-- The questions abounded, and all of them began with the same word: why.
After all, the Los Angeles Dodgers' 31-year-old general manager, Paul DePodesta, had done the unthinkable at the July 31 trade deadline, dealing two-time all-star Paul Lo Duca, Guillermo Mota, Juan Encarnacion, Dave Roberts and Tom Martin to get Steve Finley, Hee Seop Choi, Brent Mayne and Brad Penny.
Why tinker with a team already in first place in the National League West, critics asked, particularly when the changes seemed marginal at best? Why give away clubhouse and fan favorites Roberts and Lo Duca, or Mota, an important part of the bullpen?
Much of the media and public were incredulous. As the newest Dodgers were introduced in a pregame ceremony Aug. 3, an unseen fan somewhere in the upper decks at Chavez Ravine wailed, "Lo Duca!"
The irony of the controversy is that it has diverted the spotlight from an unheralded team that is far surpassing expectations. Picked by many to finish as low as third, the Dodgers (66-45) are in first place, 61/2 games ahead of the upstart San Diego Padres in the NL West -- the largest divisional lead Los Angeles has held since 1994. For the first time in eight years, the Dodgers may be headed to the playoffs, where they have not won a game since winning the 1988 World Series.
Getting to the playoffs would mean "an awful lot," said Los Angeles Manager Jim Tracy. "In essence, it would bring to light an awful lot of things that have been done in the previous years to get us to this point."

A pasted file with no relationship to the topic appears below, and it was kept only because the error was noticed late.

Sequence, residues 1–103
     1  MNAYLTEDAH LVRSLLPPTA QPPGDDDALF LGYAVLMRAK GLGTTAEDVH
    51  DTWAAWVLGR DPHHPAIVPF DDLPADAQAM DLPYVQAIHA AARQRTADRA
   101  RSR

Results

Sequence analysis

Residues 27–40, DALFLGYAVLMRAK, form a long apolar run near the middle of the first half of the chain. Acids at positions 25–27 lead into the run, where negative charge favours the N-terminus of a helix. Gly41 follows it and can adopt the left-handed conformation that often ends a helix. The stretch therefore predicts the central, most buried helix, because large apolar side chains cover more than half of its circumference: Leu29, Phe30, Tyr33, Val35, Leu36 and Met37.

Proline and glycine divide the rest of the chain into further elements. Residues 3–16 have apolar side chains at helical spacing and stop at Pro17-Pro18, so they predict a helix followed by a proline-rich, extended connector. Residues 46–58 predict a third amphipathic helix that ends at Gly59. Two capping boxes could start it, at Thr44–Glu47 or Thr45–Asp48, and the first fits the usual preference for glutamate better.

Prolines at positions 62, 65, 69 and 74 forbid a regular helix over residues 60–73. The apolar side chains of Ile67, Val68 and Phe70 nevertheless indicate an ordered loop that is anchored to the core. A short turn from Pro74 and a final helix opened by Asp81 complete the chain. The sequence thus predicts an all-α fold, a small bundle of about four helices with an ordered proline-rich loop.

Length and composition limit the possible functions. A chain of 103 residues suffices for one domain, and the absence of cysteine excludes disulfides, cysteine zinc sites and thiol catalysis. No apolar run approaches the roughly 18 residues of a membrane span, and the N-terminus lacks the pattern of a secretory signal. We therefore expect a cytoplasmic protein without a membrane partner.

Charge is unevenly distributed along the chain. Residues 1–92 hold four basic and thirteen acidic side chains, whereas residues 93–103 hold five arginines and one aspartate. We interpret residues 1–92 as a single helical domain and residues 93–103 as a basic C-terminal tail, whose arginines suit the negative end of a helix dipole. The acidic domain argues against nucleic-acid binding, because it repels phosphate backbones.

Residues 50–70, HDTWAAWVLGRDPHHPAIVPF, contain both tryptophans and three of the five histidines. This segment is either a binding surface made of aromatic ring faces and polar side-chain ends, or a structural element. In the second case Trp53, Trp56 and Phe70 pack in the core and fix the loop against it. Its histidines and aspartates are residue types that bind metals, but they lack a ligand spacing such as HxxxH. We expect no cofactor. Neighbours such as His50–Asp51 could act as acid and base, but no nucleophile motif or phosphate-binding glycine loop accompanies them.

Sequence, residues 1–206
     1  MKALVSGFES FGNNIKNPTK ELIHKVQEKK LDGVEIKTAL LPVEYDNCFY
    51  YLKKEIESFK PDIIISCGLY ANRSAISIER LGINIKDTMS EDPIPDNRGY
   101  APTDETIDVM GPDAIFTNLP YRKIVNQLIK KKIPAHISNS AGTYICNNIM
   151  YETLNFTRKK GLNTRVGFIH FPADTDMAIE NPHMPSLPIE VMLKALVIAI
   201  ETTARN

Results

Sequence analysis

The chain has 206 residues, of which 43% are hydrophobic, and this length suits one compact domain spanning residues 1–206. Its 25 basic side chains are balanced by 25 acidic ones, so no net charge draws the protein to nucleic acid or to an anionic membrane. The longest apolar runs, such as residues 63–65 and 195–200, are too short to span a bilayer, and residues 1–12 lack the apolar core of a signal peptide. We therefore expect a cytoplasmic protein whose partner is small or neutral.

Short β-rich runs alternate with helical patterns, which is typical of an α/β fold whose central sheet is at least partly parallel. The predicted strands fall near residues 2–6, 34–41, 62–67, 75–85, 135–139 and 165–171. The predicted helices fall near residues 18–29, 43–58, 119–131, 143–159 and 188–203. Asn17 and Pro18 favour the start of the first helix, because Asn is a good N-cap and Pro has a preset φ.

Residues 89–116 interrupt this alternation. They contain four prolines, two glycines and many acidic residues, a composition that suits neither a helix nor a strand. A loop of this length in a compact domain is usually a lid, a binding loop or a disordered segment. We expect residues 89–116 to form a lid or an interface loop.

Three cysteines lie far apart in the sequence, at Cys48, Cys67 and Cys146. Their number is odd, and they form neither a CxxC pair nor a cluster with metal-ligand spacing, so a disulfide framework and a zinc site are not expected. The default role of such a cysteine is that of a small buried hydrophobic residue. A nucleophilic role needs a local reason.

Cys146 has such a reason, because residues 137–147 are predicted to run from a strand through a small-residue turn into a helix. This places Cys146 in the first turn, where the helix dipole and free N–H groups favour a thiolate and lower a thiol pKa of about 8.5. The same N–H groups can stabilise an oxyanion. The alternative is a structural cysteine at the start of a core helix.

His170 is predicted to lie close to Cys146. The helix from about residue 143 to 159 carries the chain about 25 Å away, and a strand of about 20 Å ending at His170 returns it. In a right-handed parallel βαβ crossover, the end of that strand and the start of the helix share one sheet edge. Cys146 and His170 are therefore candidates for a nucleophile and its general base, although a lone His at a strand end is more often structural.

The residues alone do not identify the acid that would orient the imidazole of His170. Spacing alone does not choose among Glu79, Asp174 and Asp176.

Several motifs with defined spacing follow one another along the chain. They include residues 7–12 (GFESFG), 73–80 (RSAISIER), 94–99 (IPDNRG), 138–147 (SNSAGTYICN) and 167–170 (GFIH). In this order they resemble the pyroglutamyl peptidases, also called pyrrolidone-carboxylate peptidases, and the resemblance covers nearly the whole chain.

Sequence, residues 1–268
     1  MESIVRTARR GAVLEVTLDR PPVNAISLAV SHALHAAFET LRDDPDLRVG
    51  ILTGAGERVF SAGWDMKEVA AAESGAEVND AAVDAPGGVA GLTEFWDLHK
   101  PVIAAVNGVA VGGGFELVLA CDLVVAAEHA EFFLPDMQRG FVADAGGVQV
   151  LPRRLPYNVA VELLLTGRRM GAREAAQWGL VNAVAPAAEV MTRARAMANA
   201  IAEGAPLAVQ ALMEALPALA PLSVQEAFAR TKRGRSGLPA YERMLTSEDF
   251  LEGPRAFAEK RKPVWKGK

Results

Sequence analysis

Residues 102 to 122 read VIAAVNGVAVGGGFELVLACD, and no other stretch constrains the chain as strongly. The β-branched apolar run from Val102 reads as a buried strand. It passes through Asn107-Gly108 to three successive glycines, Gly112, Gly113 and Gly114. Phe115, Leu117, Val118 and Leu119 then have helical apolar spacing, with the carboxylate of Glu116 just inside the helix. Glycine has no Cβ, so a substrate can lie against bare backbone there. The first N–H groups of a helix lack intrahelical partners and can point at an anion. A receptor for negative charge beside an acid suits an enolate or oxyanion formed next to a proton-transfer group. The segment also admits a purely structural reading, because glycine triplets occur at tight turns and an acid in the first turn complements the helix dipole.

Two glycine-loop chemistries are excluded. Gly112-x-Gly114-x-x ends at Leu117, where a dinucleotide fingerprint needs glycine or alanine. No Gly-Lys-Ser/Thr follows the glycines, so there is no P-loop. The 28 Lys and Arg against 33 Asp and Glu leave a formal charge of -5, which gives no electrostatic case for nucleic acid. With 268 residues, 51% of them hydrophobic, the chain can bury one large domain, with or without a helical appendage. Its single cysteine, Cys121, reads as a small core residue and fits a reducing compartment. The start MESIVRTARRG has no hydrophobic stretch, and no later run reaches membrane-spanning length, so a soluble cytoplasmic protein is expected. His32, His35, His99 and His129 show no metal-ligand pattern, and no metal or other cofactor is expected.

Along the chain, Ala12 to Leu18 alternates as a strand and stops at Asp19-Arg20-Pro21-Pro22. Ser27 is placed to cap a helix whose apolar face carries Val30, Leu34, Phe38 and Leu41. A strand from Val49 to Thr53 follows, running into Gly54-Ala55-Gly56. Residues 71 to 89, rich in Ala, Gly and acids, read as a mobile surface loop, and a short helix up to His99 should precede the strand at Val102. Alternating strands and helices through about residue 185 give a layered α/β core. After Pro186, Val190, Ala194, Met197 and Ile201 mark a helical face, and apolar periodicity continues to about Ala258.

Those previous years have been ones of frustration, mostly at the hands the San Francisco Giants. For the past three seasons, Los Angeles occupied first place at various times, but each year, the Dodgers fell out of contention, finishing third in 2001 and '02, and second in '03.
But where others saw a team faltering regularly down the stretch, Tracy -- who was named manager in November 2000 -- saw a team that was growing and excelling, particularly in light of its youth and injuries.
"My first year, we won 86 games, and we spent close to 700 days on the disabled list," he said. "In 2002, we won 92 games, and by the eighth of September, we had lost fourth-fifths of our starting rotation. And last year, we scored 17 less runs than the Detroit Tigers, and if I'm not mistaken, we won 85, and they lost 119."
"So did we slip away [down the stretch], or did this team for three years grossly overachieve to be in the position it was in?"
If Los Angeles has been overachieving, then this year is no different, only better.
With a new owner -- Frank McCourt Jr. replaced Rupert Murdoch's News Corp. just three months before the season, and DePodesta was hired Feb. 16 -- the Dodgers began the season on a tear, winning 22 of their first 32 games.
But from May 13 until June 30, Los Angeles staggered, going 17-26. By month's end, they were third in the division, one game behind the Padres, and 31/2 behind the Giants.
The low point, said Tracy, was June 24, the day the Giants completed a four-game sweep of the Dodgers in San Francisco.